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:-. PROPHECY AGAINST MOAB.
It had taken part with the Chaldeans against Judea (2 Kings 24:2). Fulfilled by Nebuchadnezzar five years after the destruction of Jerusalem, when also he attacked Egypt (2 Kings 24:2- :) and Ammon (2 Kings 24:2- :). [JOSEPHUS, Antiquities, 10:9,7]. Jeremiah in this prophecy uses that of Isaiah 15:1-16, amplifying and adapting it to his purpose under inspiration, at the same time confirming its divine authority. Isaiah, however, in his prophecy refers to the devastation of Moab by the Assyrian king, Shalmaneser; Jeremiah refers to that by Nebuchadnezzar.
1. Nebo—a mountain and town of Moab; its meaning is "that which fructifies."
Kiriathaim—a city of Moab, consisting of two cities, as the word signifies; originally held by the Emim ( :-).
Misgab—meaning "elevation." It lay on an elevation.
2. no more praise— ( :-).
in Heshbon—The foe having taken Heshbon, the chief city of Moab ( :-), in it devise evil against Moab ("it") saying, Come, c. Heshbon was midway between the rivers Arnon and Jabbok it was the residence of Sihon, king of the Amorites, and afterwards a Levitical city in Gad ( :-). There is a play on words in the Hebrew, "Heshbon, Hashbu." Heshbon means a place of devising or counsel. The city, heretofore called the seat of counsel, shall find other counsellors, namely, those who devise its destruction.
thou shall be cut down . . . Madmen—rather, by a play on words on the meaning of madmen ("silence"), Thou shalt be brought to silence, so as well to deserve thy name ( :-). Thou shalt not dare to utter a sound.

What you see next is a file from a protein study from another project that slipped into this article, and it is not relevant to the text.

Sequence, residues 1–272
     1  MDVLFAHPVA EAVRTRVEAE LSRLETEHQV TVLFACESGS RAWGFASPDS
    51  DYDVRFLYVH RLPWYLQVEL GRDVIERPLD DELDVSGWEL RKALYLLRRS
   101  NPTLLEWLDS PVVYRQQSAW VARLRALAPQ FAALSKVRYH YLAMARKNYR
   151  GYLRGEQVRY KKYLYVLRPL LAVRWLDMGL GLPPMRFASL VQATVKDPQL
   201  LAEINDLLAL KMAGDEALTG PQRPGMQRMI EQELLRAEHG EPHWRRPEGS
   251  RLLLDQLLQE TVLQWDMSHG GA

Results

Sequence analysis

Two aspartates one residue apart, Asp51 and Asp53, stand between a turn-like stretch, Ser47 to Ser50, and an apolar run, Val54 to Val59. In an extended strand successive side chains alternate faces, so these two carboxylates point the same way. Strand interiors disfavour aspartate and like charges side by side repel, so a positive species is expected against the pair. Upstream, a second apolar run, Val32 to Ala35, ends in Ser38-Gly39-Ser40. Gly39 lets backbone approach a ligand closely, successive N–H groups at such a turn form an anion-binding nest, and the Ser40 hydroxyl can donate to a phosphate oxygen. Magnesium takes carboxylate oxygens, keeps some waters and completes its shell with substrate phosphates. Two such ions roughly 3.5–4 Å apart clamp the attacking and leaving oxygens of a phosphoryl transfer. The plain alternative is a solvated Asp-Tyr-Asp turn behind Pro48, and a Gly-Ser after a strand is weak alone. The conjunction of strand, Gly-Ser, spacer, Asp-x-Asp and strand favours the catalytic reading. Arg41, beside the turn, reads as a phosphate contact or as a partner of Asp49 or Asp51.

3. Horonaim—the same as the city Avara, mentioned by PTOLEMY. The word means "double caves" (Nehemiah 2:10; Isaiah 15:5).
4. little ones . . . cry—heightening the distress of the scene. The foe does not spare even infants.
5. going up of Luhith . . . going down of Horonaim—Horonaim lay in a plain, Luhith on a height. To the latter, therefore, the Moabites would flee with "continual weeping," as a place of safety from the Chaldeans. Literally, "Weeping shall go up upon weeping."
6. They exhort one another to flee.
heath—or the juniper (see on Jeremiah 48:1). MAURER translates, "Be like one naked in the wilderness." But the sense is, Live in the wilderness like the heath, or juniper; do not "trust in" walls (Jeremiah 48:1- :) [GROTIUS]. (Compare Matthew 24:16-18).
7. thy works—namely, fortifications built by thy work. Moab was famous for its fortresses (Jeremiah 48:18). The antithesis is to Jeremiah 48:6, "Be . . . in the wilderness," where there are no fortified cities.
thou . . . also—like the rest of the surrounding peoples, Judah, c.
Chemosh—the tutelary god of Moab (Numbers 21:29 Judges 11:24; 1 Kings 11:7; 2 Kings 23:13). When a people were vanquished, their gods also were taken away by the victors (Jeremiah 43:12).
8. the valley . . . shall perish—that is, those dwelling in the valley.
9. Give wings, c.— ( :-). Unless it get wings, it cannot escape the foe. "Wings," the Hebrew root meaning is a "flower" ( :-) so the flower-like plumage of a bird.
10. work of . . . Lord—the divinely appointed utter devastation of Moab. To represent how entirely this is God's will, a curse is pronounced on the Chaldeans, the instrument, if they do it negligently (Margin) or by halves (Judges 5:23); compare Saul's sin as to Amalek (1 Samuel 15:3; 1 Samuel 15:9), and Ahab's as to Syria (1 Kings 20:42).